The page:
Like its smaller sibling, the Wi-Fi-only Samsung Galaxy Tab S 10.5 offers only basic accessories out of the box. You get a charger, a microUSB cable and a few booklets.
Considering the stature of the tablet in Samsung's product range, a pair of bundled headphones would have been highly appreciated. Unfortunately, the Tab S 10.5 does not follow the example set by its smartphone siblings in this regard.
Just like most of its Galaxy smartphones and phablets, Samsung will be offering flip covers for the Galaxy Tab S series. The original cover for the Tab S 10.5, once attached, leaves almost the entire back exposed but would protect the entire front. It doubles as a stand, too. Another version of the cover folds around the entire slate and doubles as a kickstand.
Samsung also offers a docking station with full QWERTY for the Galaxy Tab S 10.5. It features the same finish as the tablet and is certain to appeal to those of you that intend to do a lot of typing on the tablet.
The Samsung Galaxy Tab S 10.5 features the same design as the rest of the company's tablet lineup, save for the rear finish. The aforementioned features the same faux perforated leather-like look as the Samsung Galaxy S5, thus bringing yet another reason to justify the presence of the letter S in the tablet's name.
A rather controversial part of the tablet's design has to do with the available Dazzling White and Titanium Bronze color schemes. The former features a back cover with pearl effect and golden frame, while Titanium Bronze in real life sports a back cover in grey/brown which changes its hue under different light with, once again, golden fram. The two colors look a tad gaudy in person - plain black with the usual chrome frame would have been the safer, better choice it seems.
The build quality of the Samsung Galaxy Tab S 10.5 is up to the company's usually high standards. The slate is superbly put together and is certain to handle heavy use without hiccups.
The physical measures of Samsung Galaxy Tab S 10.5 are 247.3 x 177.3 x 6.6 mm, while its weight comes in at 465 grams. The Korean device is a tad lighter and almost a full millimeter thinner than the already slender Apple iPad Air (469 grams and 7.5 mm respectively). The thinness is particularly impressive, as it has been achieved without affecting the hardware or the size of the battery.
Samsung Galaxy Tab S 10.5 handles extremely well for a full-size tablet. The perforated faux leather back, despite being a subject of competitor jokes, is very grippy. It allows users to handle the ultra-slim device without worrying much about accidental drops.
One-handed operation is a tad awkward as is the case with most 10" tablets. The Galaxy Tab S 10.5, despite being fairly light, is made to be handled with two hands in landscape mode most of the time.
Samsung Galaxy Tab S 10.5 totes a mouth-watering 10.5" WQXGA display with a resolution of 2560 x 1600 pixels. Its pixel density of 288ppi trumps that of the iPad Air's 269 ppi but the real-life difference isn't readily visible with a naked eye.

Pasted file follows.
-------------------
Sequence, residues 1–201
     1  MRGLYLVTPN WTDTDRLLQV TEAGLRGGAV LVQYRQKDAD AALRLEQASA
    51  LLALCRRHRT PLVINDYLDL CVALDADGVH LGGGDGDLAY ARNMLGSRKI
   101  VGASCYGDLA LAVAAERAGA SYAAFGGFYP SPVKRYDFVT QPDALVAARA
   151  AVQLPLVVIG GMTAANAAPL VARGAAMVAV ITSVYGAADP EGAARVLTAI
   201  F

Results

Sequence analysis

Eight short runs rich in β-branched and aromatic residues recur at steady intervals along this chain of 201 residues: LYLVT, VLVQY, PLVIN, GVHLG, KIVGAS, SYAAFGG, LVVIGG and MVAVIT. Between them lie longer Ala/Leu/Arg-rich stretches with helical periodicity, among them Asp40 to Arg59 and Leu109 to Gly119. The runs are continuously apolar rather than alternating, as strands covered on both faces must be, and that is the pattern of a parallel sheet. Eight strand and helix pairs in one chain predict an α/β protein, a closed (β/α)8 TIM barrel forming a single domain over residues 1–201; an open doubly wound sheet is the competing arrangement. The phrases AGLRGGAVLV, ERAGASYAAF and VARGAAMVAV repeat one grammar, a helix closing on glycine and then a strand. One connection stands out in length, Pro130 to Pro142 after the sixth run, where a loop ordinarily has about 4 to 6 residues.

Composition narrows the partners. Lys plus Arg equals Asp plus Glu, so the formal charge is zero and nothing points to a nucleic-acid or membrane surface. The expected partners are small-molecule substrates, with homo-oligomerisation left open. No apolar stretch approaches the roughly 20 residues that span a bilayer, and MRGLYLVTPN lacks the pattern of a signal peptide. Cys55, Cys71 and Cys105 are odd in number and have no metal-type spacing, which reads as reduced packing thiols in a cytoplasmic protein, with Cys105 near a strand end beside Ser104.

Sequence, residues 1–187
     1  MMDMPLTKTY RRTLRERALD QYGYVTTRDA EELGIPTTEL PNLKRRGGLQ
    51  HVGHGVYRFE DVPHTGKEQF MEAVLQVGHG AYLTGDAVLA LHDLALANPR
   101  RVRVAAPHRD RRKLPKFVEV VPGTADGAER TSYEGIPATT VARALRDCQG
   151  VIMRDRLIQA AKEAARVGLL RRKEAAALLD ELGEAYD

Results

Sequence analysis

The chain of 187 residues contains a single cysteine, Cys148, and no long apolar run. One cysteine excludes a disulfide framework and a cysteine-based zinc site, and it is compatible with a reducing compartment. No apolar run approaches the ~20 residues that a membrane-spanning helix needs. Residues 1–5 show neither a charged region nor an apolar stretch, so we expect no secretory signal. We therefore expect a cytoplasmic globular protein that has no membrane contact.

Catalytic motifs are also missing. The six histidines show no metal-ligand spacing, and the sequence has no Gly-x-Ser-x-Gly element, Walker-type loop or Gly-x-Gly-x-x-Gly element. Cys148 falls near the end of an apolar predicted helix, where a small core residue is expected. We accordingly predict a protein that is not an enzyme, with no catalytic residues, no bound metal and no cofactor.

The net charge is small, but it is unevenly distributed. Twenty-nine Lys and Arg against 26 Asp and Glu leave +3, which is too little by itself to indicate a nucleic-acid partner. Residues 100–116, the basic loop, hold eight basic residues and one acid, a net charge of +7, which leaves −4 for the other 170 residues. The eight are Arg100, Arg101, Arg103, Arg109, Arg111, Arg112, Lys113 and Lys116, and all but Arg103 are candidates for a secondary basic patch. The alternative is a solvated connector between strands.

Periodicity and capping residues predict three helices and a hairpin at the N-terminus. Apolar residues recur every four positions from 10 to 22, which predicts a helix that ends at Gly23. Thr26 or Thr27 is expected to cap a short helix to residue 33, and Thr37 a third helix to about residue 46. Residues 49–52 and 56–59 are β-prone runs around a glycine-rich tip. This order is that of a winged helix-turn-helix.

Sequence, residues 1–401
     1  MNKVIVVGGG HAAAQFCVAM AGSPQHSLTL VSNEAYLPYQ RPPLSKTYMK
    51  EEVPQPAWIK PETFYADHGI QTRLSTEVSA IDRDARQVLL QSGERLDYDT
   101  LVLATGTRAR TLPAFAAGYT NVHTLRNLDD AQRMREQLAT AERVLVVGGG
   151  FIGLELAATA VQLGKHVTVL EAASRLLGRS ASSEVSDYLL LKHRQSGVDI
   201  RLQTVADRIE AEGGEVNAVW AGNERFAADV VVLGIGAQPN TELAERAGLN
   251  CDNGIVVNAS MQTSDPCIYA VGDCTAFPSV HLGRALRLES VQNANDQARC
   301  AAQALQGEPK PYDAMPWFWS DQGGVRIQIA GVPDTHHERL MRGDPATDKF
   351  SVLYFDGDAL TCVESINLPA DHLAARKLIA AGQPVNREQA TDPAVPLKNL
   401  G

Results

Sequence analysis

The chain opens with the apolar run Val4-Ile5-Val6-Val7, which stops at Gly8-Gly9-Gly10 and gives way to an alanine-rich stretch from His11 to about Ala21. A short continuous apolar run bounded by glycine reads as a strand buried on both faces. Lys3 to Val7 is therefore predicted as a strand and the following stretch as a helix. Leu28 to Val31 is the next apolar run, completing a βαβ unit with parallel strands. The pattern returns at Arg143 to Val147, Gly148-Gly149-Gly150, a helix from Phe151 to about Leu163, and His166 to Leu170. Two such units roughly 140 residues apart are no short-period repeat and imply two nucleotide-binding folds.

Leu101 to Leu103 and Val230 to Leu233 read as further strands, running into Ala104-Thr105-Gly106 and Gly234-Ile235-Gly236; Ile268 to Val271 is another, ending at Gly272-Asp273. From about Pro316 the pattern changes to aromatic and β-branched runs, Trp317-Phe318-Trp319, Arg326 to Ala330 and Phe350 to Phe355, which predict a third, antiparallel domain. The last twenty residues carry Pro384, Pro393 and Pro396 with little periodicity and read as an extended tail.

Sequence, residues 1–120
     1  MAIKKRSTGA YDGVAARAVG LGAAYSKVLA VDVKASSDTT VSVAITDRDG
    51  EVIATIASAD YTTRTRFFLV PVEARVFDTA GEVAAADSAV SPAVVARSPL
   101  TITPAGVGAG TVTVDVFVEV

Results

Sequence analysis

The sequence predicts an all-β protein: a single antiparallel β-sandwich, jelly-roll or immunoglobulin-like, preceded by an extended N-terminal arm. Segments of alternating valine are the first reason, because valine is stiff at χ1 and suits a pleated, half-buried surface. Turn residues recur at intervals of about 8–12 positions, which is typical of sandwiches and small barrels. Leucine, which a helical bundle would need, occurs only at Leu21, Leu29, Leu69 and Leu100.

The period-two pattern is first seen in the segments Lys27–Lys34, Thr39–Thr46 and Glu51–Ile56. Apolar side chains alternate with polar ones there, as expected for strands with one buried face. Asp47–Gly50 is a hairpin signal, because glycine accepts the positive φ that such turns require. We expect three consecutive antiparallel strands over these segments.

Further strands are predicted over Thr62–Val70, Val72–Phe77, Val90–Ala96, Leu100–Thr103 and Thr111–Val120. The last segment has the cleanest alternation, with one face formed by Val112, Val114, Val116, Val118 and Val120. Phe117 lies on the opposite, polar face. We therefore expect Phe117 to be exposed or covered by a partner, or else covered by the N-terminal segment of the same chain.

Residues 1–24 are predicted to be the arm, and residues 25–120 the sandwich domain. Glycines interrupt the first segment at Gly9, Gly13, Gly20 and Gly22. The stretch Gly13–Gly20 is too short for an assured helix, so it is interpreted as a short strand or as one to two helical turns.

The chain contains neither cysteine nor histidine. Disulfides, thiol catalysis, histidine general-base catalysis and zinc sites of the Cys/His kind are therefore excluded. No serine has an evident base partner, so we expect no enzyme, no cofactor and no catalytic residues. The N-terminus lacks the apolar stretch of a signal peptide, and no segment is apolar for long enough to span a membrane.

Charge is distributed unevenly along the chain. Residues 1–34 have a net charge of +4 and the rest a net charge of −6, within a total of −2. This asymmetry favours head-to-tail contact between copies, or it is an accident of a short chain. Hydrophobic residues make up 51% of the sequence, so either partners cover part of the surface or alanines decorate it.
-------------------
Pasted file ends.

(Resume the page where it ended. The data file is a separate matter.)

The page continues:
Samsung took three years before fitting another Super AMOLED display in a tablet, but we are happy to tell you that the wait was well worth it. The screen of the Galaxy Tab S 10.5 is the best we've seen in a full-size tablet by quite a margin. It is beautiful to look at with its deep blacks and saturated (if you choose) colors. Surprisingly, the Super AMOLED unit on the Galaxy Tab S 10.5 slate, unlike its Galaxy Tab S 8.4 sibling, employs full RGB matrix instead of a PenTile one. Previously Samsung's done this only for the Galaxy S II and Galaxy S II Plus smartphones.
Let's look at the numbers. The Samsung Galaxy Tab S 10.5 has a practically unlimited contrast ratio, as individual pixels don't get lit up - AMOLEDs light up only the parts of the screen that display a different color beside black.
Samsung Galaxy Tab S 10.5 RGB matrix vs Samsung Galaxy Tab S 8.4 diamond-pattern PenTile matrix
The Super AMOLED panel on the Galaxy Tab S 10.5 isn't the brightest we've seen, it's actually inferior to the Galaxy Tab Pro slates, the Xperia Z2 Tablet and the latest iPads. However in most cases you won't notice this in practice unless you put the Tab S side by side with an iPad.
The outdoor visibility is great, too.
|Display test||50% brightness||100% brightness|
|Black, cd/m2||White, cd/m2||Black, cd/m2||White, cd/m2|
|Samsung Galaxy Tab S 10.5||0||210||∞||0||382||∞|
|Samsung Galaxy Tab S 8.4||0||221||∞||0||398||∞|
|Samsung Galaxy Tab Pro 8.4||0.34||281||830||0.60||498||822|
|Samsung Galaxy Tab Pro 10.1||0.41||312||775||0.72||588||812|
|Sony Xperia Z2 Tablet||-||-||-||0.45||484||1076|
|Samsung Galaxy Note 10.1 2014||0.27||221||831||0.53||440||821|
|Samsung Galaxy Note Pro 12.2||0.33||301||901||0.54||493||911|
|Apple iPad Air||0.19||181||968||0.53||508||964|
|Apple iPad mini 2||0.20||167||835||0.56||450||804|
|Samsung Galaxy Note 3||0||149||∞||0||379||∞|
|Samsung Galaxy Tab 7.7||0||200||∞||0||328||∞|
Samsung is still providing several screen color modes to match the particular needs of different user groups. They include Adaptive display, AMOLED cinema, AMOLED photo, and Basic mode. No matter which mode you choose, it's really hard to describe how impressive the 10.5" screen actually is before you see it in real life.
Compared to an LCD display, the Super AMOLED unit has better Adobe RGB color gamut reproduction (94% vs 73%). In short, it can show you more color hues than its competitors.
And here goes a video comparing the newcomer's screen with that of the iPad Air.
Overall, the Super AMOLED display alone makes the tablet one of the best offerings on the market. It really is that good.